Do It

Do It

Gabriel Cavazos
Devin Miller
The Inventive Journey Podcast for Entrepreneurs
5/15/2021

Do It

Do it. Do that thing you need to do. I mean, you have that idea go chase it down. Go learn what you need to learn to get it done and get it done.

 


The Inventive Journey

Starting and growing a business is a journey. On The Inventive Journey, your host, Devin Miller walks with startups along their different journeys startups take to success (or failure). You also get to hear from featured guests, such as venture firms and angel investors, that provide insight on the paths to a successful inventive journey.

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ai generated transcription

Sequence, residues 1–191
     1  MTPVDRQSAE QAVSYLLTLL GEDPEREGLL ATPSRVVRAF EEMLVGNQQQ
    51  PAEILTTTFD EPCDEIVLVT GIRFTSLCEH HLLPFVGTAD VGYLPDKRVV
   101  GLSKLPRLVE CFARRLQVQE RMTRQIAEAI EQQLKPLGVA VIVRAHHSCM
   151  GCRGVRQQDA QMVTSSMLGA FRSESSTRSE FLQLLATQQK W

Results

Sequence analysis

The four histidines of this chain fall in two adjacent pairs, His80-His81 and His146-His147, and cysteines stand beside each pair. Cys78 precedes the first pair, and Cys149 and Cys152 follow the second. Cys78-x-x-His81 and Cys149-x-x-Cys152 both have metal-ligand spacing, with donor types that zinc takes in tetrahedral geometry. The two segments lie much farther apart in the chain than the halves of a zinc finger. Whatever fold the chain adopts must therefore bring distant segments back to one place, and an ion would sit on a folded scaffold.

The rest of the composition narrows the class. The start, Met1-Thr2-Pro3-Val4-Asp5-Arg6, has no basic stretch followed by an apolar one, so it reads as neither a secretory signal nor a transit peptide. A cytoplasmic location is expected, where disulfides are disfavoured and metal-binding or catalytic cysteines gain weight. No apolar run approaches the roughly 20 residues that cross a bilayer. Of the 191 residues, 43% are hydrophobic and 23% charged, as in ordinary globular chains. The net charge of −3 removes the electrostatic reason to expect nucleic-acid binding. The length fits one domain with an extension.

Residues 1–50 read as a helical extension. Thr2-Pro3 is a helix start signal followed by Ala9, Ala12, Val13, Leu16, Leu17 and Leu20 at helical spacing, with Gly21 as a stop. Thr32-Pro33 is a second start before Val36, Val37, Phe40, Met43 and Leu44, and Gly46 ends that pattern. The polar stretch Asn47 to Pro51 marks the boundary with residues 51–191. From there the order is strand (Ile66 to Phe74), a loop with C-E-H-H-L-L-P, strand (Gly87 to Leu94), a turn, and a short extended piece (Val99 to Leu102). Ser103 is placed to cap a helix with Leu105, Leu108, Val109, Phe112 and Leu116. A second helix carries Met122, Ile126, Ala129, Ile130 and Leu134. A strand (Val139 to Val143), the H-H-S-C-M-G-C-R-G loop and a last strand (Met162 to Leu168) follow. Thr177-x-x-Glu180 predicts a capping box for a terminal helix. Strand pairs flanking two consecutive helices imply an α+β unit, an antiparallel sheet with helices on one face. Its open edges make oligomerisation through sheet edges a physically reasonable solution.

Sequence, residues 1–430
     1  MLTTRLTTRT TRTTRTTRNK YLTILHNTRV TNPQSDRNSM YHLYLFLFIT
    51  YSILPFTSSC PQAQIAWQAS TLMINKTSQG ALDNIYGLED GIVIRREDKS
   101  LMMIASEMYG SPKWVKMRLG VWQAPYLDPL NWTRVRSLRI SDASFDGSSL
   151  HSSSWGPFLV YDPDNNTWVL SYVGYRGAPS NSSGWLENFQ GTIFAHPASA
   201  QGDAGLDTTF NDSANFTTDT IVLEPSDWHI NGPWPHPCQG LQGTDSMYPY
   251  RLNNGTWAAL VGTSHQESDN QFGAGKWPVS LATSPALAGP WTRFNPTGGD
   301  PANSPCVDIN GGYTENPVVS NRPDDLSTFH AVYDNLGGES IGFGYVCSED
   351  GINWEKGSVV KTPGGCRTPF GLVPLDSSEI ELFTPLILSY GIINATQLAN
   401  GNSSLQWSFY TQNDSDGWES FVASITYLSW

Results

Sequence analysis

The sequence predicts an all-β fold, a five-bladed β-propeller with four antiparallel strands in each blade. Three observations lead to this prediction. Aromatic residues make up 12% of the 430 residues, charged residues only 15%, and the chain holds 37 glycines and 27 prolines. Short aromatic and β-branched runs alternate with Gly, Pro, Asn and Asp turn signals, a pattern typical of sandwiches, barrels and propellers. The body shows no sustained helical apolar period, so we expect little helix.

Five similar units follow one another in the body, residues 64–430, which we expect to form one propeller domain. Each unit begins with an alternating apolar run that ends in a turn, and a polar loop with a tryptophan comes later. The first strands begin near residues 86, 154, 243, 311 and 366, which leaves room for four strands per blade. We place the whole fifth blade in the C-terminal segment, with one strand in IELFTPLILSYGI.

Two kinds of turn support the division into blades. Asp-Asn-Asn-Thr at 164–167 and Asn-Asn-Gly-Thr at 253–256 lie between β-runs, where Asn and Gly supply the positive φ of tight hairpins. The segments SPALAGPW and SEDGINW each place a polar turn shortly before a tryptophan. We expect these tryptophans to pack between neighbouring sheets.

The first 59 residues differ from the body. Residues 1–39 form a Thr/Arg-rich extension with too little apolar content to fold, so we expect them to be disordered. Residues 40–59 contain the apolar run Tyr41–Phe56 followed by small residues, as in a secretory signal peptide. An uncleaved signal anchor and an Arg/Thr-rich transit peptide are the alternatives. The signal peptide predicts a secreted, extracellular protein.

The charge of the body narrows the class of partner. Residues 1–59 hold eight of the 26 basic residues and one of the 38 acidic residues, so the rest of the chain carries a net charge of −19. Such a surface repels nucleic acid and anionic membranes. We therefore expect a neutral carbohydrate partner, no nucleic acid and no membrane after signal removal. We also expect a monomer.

um do it do that thing you need to do i mean you have that idea go chase it down go go learn what you need to learn to get it done and get it done hey everyone this is devin miller here with another episode of the inventive journey i'm your host devin miller the serial entrepreneur that's grown several startups and seven and eight-figure businesses as well as the founder and ceo of miller i p law where we help startups and small businesses with their patents and trademarks you ever need help with yours just go to strategymeeting.com and we're always here to help now today we have another great guest on the podcast and is gabrielle uh cavazo is that right all right and i was worried i was gonna mess it up but then i'm like i asked you before the podcast i overthought it but uh just a quick introduction to gabriel um is so he joined the army at 17 and uh at uh 17 because his parents wouldn't let him join the combat unit and went into more intelligence analytics then went off to texas state university was kind of a bit more of a party school only made it through a bit of a semester went back to the military did that again um and i think worked with i think financial fraud dealings if i remember right but i'll let you fill that in and also got a bit into onto the coding side so started to do a bit of programming um and got so good that he kind of ended up working himself out of a job or replacing himself um and then went and worked into in iraq for a period of time or a person he worked with went to iraq and then you follow along here followed along with there worked on i think it was tracking equipment for a period of time came back and or during that time had a friend that died from a motorcycle accident and part and you'll get into that a bit more but out of that kind of had the idea of why don't they have something similar to onstar but for motorcycles and so after you came back um and doing there after uh serving in iraq for a period of time continuing to learn coding build up that also went to work for a bit of a t t and then as a t as we got hit with copen or whatnot decided to uh focus full time on onstar for motorcycles so with that much his introduction welcome on the podcast gabriel uh thanks for having me so i gave kind of the the brief high-level quick or quick walk-through of your journey which never does it justice i don't want to say grief is that what you call it as brief as i can make it you have a lot in there it's a lot to unpack but it sounds like you wrote down everything from the initial energy it just repeated it for beijing that's right i i hey if nothing else i i have my i have my introduction and i want to make sure that i stick to the the facts so i don't make anything up so but maybe with that let's go back to you know 17 joining the army and kind of how your journey started from there yeah so i grew up in a small town in rural west texas um it's a 3 000 person town uh for the longest time we had the smallest walmart in the nation uh it closed at nine and a couple years ago they just got uh refrigerators in there so now they sell the coldest beer in town that's their claim to be um but yeah i i was going to high school there is there was really not a lot of options i saw a lot of kids that were older than me joining the military just just as a chance to go do something and see something other than cotton fields um and so i did the same thing um i was 17 my like you said i i wanted to join a combat mos and my parents wouldn't let me because when you're 17 that they have to sign off on it i was going to ask so i didn't know if you even could serve in a combat unit at 17 but if you have your parents sign up for permission yes if your mom writes you a permission slip then yes you can serve you can serve in a combat mls but your mom wouldn't write you wouldn't write your permission slip so then you decided to go into intelligence is that right and analytics yeah i was an intelligence analyst for um almost a decade oh cool so now you did intelligence analytics for a period of time and you know and sounds like it would have been a fun or exciting and then you i think you said and it would correct me where i'm wrong and always correct me where i'm wrong but then you at some point you went to texas state university and did that for at least a semester and then kind of came back to the military yeah so i was in the i was in the texas national guard and um at that time i was planning just to like just do my weekend uh by one weekend a month my two weeks a year just go to college um and while i was in college i went to one of the biggest party schools in texas um and i only made it a semester but for her i was on academic probation and i was like you know what um the army's got some really good jobs out there let me see what they're doing and so from then on i just uh i spent most of my time on um like active duty reserve so i would just uh do my normal job just as a active duty soldier or the national voter cool so so now you you know tried universe or tried school said okay parties partying is too much of a temptation i'll go back to the military that's a great place i enjoyed it and it was a good opportunity now when you went back you got into i think it was financial fraud or their issues dealing with their financial fraud and unit type of thing is that right yeah i worked for the texas military counter drug division and my job there was financial crimes i was a financial crimes analyst um looking for money laundering and embezzlement um those kinds of things and and this was kind of my first foray into really just sitting down and having a mountain of data in front of me um and when i say a mountain i mean literal stacks of paper that i scanned into the computer and then from there uh went and analyzed those bank accounts uh biking uh it was a very time intensive process so now i think because of the time intensive process what you mentioned before is you got into a bit of coding in order to make it more efficient and then in the end it ended up making it so efficient you worked yourself out of a job yes that's exactly what happened yeah i wanted to not do as much scanning but turns out that was part of the job that was just absolute necessity uh that was the one part that did take a long time but once it was there i didn't have to go through each file and find the uh find you know all the statement numbers move them over and put them into an excel sheet i eventually used a um ocular character recognition software to pull all that out and then um used a vba program um which is like the backbone of like um excel and access and those kind of microsoft products and was able to automate that entire process and then apply an obscure mathematical formula i had heard about in a stats class one time called binver's law which is the idea that in a random data set the number nine shouldn't appear should appear the least and if you the thing about financial crimes is uh anywhere over uh money coming into your bank account anywhere over ten thousand dollars needs to be reported um but you can get around that by putting 99999 9772 um and that's called structuring and it's also elite and so uh this uh this law you know when applied to that data set uh worked to find uh hey is this is there money in here is there structuring here um and uh it didn't always work sometimes i had done all the work for nothing and sometimes it did work um i mean something i mean sometimes there was money lingering sometimes it wasn't it did always work um but within that so so you got the you did the you know figured it out so it sounds like once you figured out that formula my guess is is you're now looking whether or not you know there's enough nines whether or not there's irregularities where hey every other deposit i make is 99999 or 998 or whatever it is and you're able to start to detect your uh determine patterns but in the process because you can now train the saw or have the software look for a lot what you were doing manually it started to flag those out and there wasn't as much need to do it manually is that about right yeah well um like i said this is my first foray into tech so i didn't milk it like i should have i should have just let them think that i was working just as hard as i should have just said look at how awesome i am at my job i can do all this and i'm i'm awesome at it and then you don't then they never know yeah i i should have just let them think i was still buried under that mountain paperworks and like watch netflix in the back like that's that's what i should have done what i did do was say hey look at this cool thing i made and they were like awesome this is really cool it turns out we don't need you anymore thank you that's great now we can save money and guess how we're going to save money we're going to let you go yeah so so now that occurs and you say okay i did i did so great of a job i no longer have a job so now what it so how did you where did you transition from there uh from there um the commander of the unit that i was in uh was going to iraq she got pulled for the assignment and i got tapped on the shoulder to go with her and it was going to be my first deployment so i took it that was 2017. um by the time we got direct with all the train up and everything was about a year and a half in the process and so i get to iraq and now i have these skills you know what i mean i know i can i can code i can i can do a little bit i know hey you know everything i knew i i learned from google and so i'm like anything that i need to know in the future i'll probably just google it um which is uh something nobody told ever told me about tech like hey you ever heard of github like the yeah so i get to iraq and there's a lot of processes that can be automated and i hit the ground um we saw what the other guys were doing um and a lot of it was going to be the same kind of work that i had already done previously um using ocular character recognition to strip everything out and build a data set and then move that data set into a visualization so now so you were you were continuing to basically you know you almost self-taught coding because you out of almost a desire to make it better on the previous position you had you go over to iraq and you kind of take that same mentality of hey there's a lot of process that i can improve things that can be done better and they can often that be done via software now or help me remember in the mix of all that you know you had your friend that had a motorcycle accident was that why you're in iraq or is that when you got back or kind of how did that overlay and play into everything yeah that was while i was in iraq one of my soldiers passed away um in a motorcycle accident and um i didn't uh it didn't really click in my mind i just knew that this was something that had happened and i knew it was something that frequently happened to soldiers and uh upon returning i found out about the circumstances of his death and you know i was like uh there's there's got to be something right there's got to be something out there that stops this from happening there's got to be something out there that calls um you know that calls ems when there's a crash like like monster like onstar for motorcycles and i just i started rolling and um i you know i start doing my research and i'm like why is there why is there nothing out here and it seems so simple and whenever i talk about what i do now um most people are like wait that didn't exist and i'm like that's what i said yeah exactly you know it's one of those that makes logical sense you're like okay you know you have them for cars if you get an accident you have an issue you know you can they'll detect the accident and they'll automatically call 9-1-1 and let them know over your um year's location and kind of you know that something's occurred and that they should respond but it also makes sense you know motorcycles is one where you don't have necessarily the you know it's it would be different in the sense you'd have to do different sensors or figure out a different way to detect it because you're not going to have the same you know front impact sensors you might have and how that would go so in one sense it definitely makes sense why you would want it and yet also why they may not have put that together so you kind of had that uh you know that idea that epiphany now did you start to work on it did you put it or you know hold it off for a period of time or kind of as your as that came up and you had your friend that had that experience how did you start to do or blend that in with what everything else you had going on well when i came back in in 2018 um i i had this idea um and i had ordered some parts i had ordered um a microcontroller and uh some drone sensors um like a gps chip and those kinds of things i was like i think these are kind of the things that i'm going to need to build this i don't know how they work yet but i guess i'll figure it out and just as a hobby i started i started tinkering with this until i had um built my proof of concept um you know and was able to attach it to a motorcycle battery and it runs itself and it and it works uh and it spits out the data that i needed and i was like okay what do i do now and i i kind of put it on hold because at the same time that i'm doing all of this i started doing stand-up comedy that's that's a fun er a different direction so you're doing one one hand you're working on a um onstar for motorcycles and then you're also getting a stand-up comedy career going and what what made you decide that you know what made you decide to go into stand-up comedy is just always something that sounded fun or something that you're passionate about or what how did you kind of get into that i think that i had um uh i had something to say you know i felt like i had i thought i thought it was a pretty funny guy uh and i felt like i could um provide some really interesting insights about uh specifically about the military that was what most of my jokes were about um uh but i also uh through that i kind of saw some some issues in the comedy world and i set out on solving those and i started a comedy company and that was kind of my focus after i had already built uh the first rex device um and i just i ran with comedy for a year um well over a year until um coveted and then that's when i i picked it back up and uh i was like well this is this cool thing that i built and i've got nothing but time since i've been laid off um and uh you know why not why not chase this down um and at the same time that that i'm chasing rex down um an opportunity presents itself in comedy and you know a couple months later i'm a comedy club voter as well so you you actually as a as covent hitting that you decided you would acquire comedy club and have that as an opportunity assuming things open back up and then during the meantime while cove would kind of shut that down or in person things you would focus on the onstar am i reading that right yeah that's exactly that's exactly what happened while everything was shut down it kind of uh it was rex's the sole focus and i was able to make all the progress that i could um you know i hired i hired the right individuals to take my my stop my hardware prototype and start making that a real commercially viable thing um and you know hired the right software team to start fleshing out my idea into something that can actually be usable and uh you know interact with it with an app like um and uh at the same time you know everything's everything's still shut down um and then one of my old comedian friends uh says hey i'm gonna start doing shows again as things start to trickle open um and he wanted to use my company's name and uh i was like yeah yeah sure you know i've just got a bunch of followers sitting out there um waiting for comedy as far as i'm concerned you know the comedy seemed grown so quickly here uh it was already awesome and then you know there's this huge influx as more and more uh comedians moved here and so we just kind of wrote that out um and he started growing our our shows you know all of these were local bar shows you know um bars and venues would bring us in to provide comedy on wednesday and tuesday nights um and and that was it and then all of a sudden um in november the uh creek in the cave in new york which was very beloved uh by the scene club uh shuts down because they couldn't handle covet um and uh my the guy that i had one of the comedy company his name is marty clark he reaches out to her and says hey you want to move to austin and so we raise we raise money i mean basically overnight we raised 400 000 in two weeks and we're able to make this comedy club happen so now so you've now got on the one hand you've got the comedy club and on the other hand you've got onstar for motorcycles so kinda now bringing it up to uh to today are you continuing to pursue both you know is both of us a passion you know is comedy open back up as comedy clubs open back up or if you still have a good degree of free time such you can pursue onstar kind of what is the mix or kind of where things out for you today um the mix is very much uh [Music] currently we just had our opening weekend uh last weekend uh it went great um and as you know everything's running smoothly i i barely have anything to do there i'm mostly standing in the way uh um and so it's uh it's been a huge relief to not have to worry about that anymore now that we're open um and you know going forward everything that i do i usually spend my days you know wake up really early um you know go go fix something at the club um and then sit at the club and uh on my laptop just sending emails and which is most of what running a business is sending emails and you know getting quotes back and working on uh our testing plans and our product development line and our manufacturing uh how all how all the pieces are going to play together um so rex has definitely been a huge focus for me um and then comedy is just it's just so much fun man it's so much fun to be around how could you stay away um so so now that kind of so it sounds like to to a degree you know you're still part of the comedy club you're still doing that um but it allows you to also focus on and go or you know continue to develop the onstar for motorcycles so now kind of looking towards the future you know now you're saying okay this is where i'm at today this is where i'm headed kind of you look at the next six to 12 months where do you see things headed is it more of the focus on the onstar you'll get that out in the marketplace going is it already out in the marketplace and same thing in the comedy club kind of where do you see that balance or where do you see things headed uh you know i don't uh concern myself too much with what's going on in the club um you know it's i'm just there because i'm the guy that knows how to use a drill the best i know how to i know how to i know how to use a drill and an assault i can fix things i'm a pretty handy guy so i that's what i get used for in the mornings um and then we just have we also grate my eyes just to be around and be able to really focus on what's going on rex so in the next uh six to 12 months we'll definitely be we are knocking it out in our development process right now um we're going to be going into crash testing in the next couple months uh just waiting to clear legal and uh and we're ready to go we'll have our uh testing prototypes on bikes and get our betas out uh before august and um we'll see how that goes and get all that testing done and then november december you know try to get a product out right in time for the uh the christmas season and that's i mean that's just for our direct to consumer side uh we also secured a small business innovation research grant from the air force uh and so we'll also be contracting um building this out for them all right sounds like plenty of things to keep you busy and keep you motivated so that's awesome sounds like a lot of fun things ahead well as we um you know kind of catch up kind of see where you're at today and also where you're headed i always you know transition to two questions i always ask at the end of the podcast so go ahead and jump to those now so the first question i'd ask is along your journey what was the worst business decision you ever made and what did you learn from it the worst business decision you made um man uh [Music] you know i knew this was going to be on the quiz i didn't study um the worst business decision i made was um initially i think what took me so long uh getting getting my focus back into rex um was trying to work with friends and trying to you know my friends that knew how to code better than i did and um trying to be like hey can we sit down and you can look at this bit of code that i wrote and see if i've got any problems here like because i can't figure it out um eventually i realized like my friends are going to stop wanting to hang out with me so i stopped pushing them and uh just really focused on on teaching myself and uh realized that you know in the first couple months it was it was just me i had a co-founder um but he had other obligations and it couldn't be as present as he would have liked to um and through that you know i ended up doing everything i but now because of that initially it was this huge headache trying to scramble to learn everything that i needed to do hardware wise and uh how do i get a manufacturing quote and how do i do all these things and how how do i get a patent like um you know i ended up turning to fiverr for a lot of things that i couldn't i couldn't do myself i certainly wasn't going to spend it was all about balance of do i spend my time learning something and doing it or do i pay somebody to do it because my time is better spent doing something else and because of that because i spent all that time learning because it was all me and that in the beginning of this i know this business in and out you know i did all the market research i did all the i can spout the numbers at you uh like the back of my hand you know i know it so well um so this thing that i thought was initially was a huge headache turned out to be um a great uh a great decision no that's always interesting you know especially when you're getting to a startup small business you know at some point as you bring people on as you as it grows and expands you know you have to do that but it's always great as you start out you have to have that kind of foundational knowledge of hey this is or is impossible and you have you know able to understand hey this should take x amount of time or i anticipated doing that and if not you know you can kind of get a gauge for as you bring people on as you hire it out and do other things you can get that found you'll have that foundation to work from and if you kind of try and jump past that foundation it's hard to really run or effectively run the business so i think that definitely makes sense uh what you mentioned so now for the the second question which is if you're talking to somebody that's just getting into a startup or a small business what'd be the one piece of advice you'd give them uh i did think about this question and the answer is um do it do that thing you need to do i mean you have that idea go chase it down go uh go learn what you need to learn to get it done and get it done and i i love that you know it's funny as and i and i say it almost every time that i hear the answer because as many different people to talk to with this much different journeys i would say that you know a variation of that answer is going to be the most common answer and i think that's because everybody that does do a startup does do a small business they always find out once they get started once they just dive in they do it how exciting or fun and enjoyable and rewarding it is and if they didn't always wish you know hey i wish i got started earlier wish i'd been doing this because it's just so you know i enjoy it so much type of a thing and that doesn't mean that it's not hard and difficult doesn't take a lot of blood sweat and tears and nights and weekends and evenings and worrying and juggling lots of hats but on the other hand if you you know you get into it you can much or much more quickly find that you love it you enjoy it or you're not cut out to it and you don't want to do it but i think that that that's a great uh great takeaway so yeah i'm excited to see oh sorry i'm really excited to see the uh the businesses that are coming out of kovit right now that started in code um because i feel like you know a lot of people were like me on unemployment and you know maybe had an idea rolling around and then started chasing it down because of that free time and i think that there's going to be some really cool stuff coming out of the next few years um you know as as terrible as kovit has been for everyone um there's uh got to be somebody out there that's going to make something great out of this situation no and i absolutely agree and i think it'll be interesting because i think covet is one giving people more time to think ponder look review and then all you know more time on their hands because they are have been stuck inside but also gives you an opportunity to say hey you know i can do this or i'm going to pursue this or i have the time now to do it once i've always kind of made excuses or put on the back burner and a lot of those ski excuses have been removed so i think it will be an exciting time to see how it all evolves and how how many startups and different startups come out of all of it so yeah it's really i think it's going to be a really great time to be an ip lawyer well i'll i'll definitely always uh take that because uh that's uh that's my love of my passion so well as we wrap up if you if people want to reach out they want to find out more about you your business they want to be a they want they ride motorcycles they want to be a customer client they're a upcoming comedian want to be your uh be do a show at your club they want to be an investor they want to be a partner they want to be an employee they want to be your next best friend any or all of the above what's the best way to reach out to you find out more and connect with you uh you can find us on all social medias at get rex w-r-e-x-x uh you can find us at getrex.com um you can find the comedy club at creek um come by and see us all right well i definitely encourage everybody to check any and all the above out and i think that both you know both the comedy club sounds like a blast and the onstar for motorcycles definitely sounds like um a worthwhile and rewarding pursuit so thank you again for coming on the podcast it's been fun it's been a pleasure now for all of you that are listeners if you have your own journey and tell and you want to come on the podcast and be a guest feel free to go to inventiveguest.com apply to be on the show two more things as a listener one make sure to click subscribe and your podcast players so you know when all of our awesome episodes come out and two leave us a review so new people can find us last but not least if you ever need help with your patents trademarks or anything else reach out to us at millerip law and we're always here to help just go to strategymeeting.com thank you again gabriel it's been fun it's been a pleasure to have you on and wish the next leg of your journey even better than the last thank you very much devin it's good